These amounts may seem small, but both drugs are of the kind which the patient consumes for a lifetime. A significant amount adds up in the annual calculation which the Health Insurance Fund is supposed to compensate, but does not do so.
Pay or let your health deteriorate
“The Health Insurance Fund does not establish the price caps of any reference country easily; it is always preceded by weeks or even months of negotiations in order to reduce the actual retail price of the drug. The price limit of the reference country is actually established in an emergency situation, where the price cannot be lowered, but the law does not allow the existing contract to be extended,” Pudersell explained.
Pudersell repeated the words of the spokesperson that the Health Insurance Fund has prepared a law amendment but its progress is unknown.
Rajamäe noted that besides the medicines for thyroid dysfunction there are 40-50 more medicines on sale in Estonia, the price of which would be more favorable for the buyer if the law amendment could be realized. The amendment would mean that the price cap of the drug sold in Estonia could be higher than the price level in the reference countries.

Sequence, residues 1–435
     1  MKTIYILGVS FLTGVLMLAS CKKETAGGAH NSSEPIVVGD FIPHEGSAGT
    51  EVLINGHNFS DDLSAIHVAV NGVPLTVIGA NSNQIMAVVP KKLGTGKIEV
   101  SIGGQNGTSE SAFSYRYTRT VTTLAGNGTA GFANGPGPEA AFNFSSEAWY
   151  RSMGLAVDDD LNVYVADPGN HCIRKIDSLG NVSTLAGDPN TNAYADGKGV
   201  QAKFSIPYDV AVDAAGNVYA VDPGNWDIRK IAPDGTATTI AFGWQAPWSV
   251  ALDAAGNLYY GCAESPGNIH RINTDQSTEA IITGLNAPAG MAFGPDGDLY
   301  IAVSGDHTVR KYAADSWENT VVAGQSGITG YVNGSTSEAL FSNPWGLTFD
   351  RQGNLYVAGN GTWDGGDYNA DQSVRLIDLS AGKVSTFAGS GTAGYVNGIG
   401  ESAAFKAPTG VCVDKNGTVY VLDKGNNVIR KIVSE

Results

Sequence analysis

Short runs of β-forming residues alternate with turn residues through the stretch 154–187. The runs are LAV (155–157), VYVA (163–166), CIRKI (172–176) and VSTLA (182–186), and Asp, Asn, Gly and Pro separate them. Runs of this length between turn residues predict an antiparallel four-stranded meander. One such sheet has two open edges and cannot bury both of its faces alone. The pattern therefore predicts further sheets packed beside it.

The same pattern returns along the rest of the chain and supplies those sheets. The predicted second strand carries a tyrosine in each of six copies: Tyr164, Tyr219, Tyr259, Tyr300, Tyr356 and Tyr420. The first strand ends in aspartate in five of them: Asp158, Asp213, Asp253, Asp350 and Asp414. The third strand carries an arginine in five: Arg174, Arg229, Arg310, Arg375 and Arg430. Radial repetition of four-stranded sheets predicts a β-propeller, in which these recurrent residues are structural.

Life is difficult for patients who need Rocaltrol and L-Thyroxine because they cannot replace these drugs. There is only the choice: pay or let your health deteriorate.
A patient needs two to four tablets of Rocaltrol per day, one tablet of L-Thyroxine. According to the law, 100 percent reimbursement is available for drugs in the case of which discontinued treatment will have serious consequences. Rocaltrol’s 100% reimbursement was discontinued on July 1, 2021. With a 100% discount, the patient has to pay a prescription fee of 2.5 Kõik sai alguse Käärmanni rumalusest.